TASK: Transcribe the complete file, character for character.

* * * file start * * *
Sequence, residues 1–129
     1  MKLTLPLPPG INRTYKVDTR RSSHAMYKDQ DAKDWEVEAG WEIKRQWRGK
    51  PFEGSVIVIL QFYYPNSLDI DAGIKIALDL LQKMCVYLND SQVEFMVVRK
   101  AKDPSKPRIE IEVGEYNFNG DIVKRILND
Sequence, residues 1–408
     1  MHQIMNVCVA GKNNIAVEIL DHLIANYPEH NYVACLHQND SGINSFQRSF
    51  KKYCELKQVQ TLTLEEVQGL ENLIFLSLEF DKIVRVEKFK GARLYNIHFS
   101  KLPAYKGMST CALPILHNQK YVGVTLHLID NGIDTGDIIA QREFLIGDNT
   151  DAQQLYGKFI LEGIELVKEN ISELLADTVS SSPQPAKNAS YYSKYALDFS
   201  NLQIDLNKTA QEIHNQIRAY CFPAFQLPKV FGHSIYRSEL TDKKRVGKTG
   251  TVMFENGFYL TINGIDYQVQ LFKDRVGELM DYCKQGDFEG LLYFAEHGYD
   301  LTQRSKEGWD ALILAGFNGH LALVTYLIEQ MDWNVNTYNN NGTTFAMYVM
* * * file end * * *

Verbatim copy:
Sequence, residues 1–129
     1  MKLTLPLPPG INRTYKVDTR RSSHAMYKDQ DAKDWEVEAG WEIKRQWRGK
    51  PFEGSVIVIL QFYYPNSLDI DAGIKIALDL LQKMCVYLND SQVEFMVVRK
   101  AKDPSKPRIE IEVGEYNFNG DIVKRILND
Sequence, residues 1–408
     1  MHQIMNVCVA GKNNIAVEIL DHLIANYPEH NYVACLHQND SGINSFQRSF
    51  KKYCELKQVQ TLTLEEVQGL ENLIFLSLEF DKIVRVEKFK GARLYNIHFS
   101  KLPAYKGMST CALPILHNQK YVGVTLHLID NGIDTGDIIA QREFLIGDNT
   151  DAQQLYGKFI LEGIELVKEN ISELLADTVS SSPQPAKNAS YYSKYALDFS
   201  NLQIDLNKTA QEIHNQIRAY CFPAFQLPKV FGHSIYRSEL TDKKRVGKTG
   251  TVMFENGFYL TINGIDYQVQ LFKDRVGELM DYCKQGDFEG LLYFAEHGYD
   301  LTQRSKEGWD ALILAGFNGH LALVTYLIEQ MDWNVNTYNN NGTTFAMYVM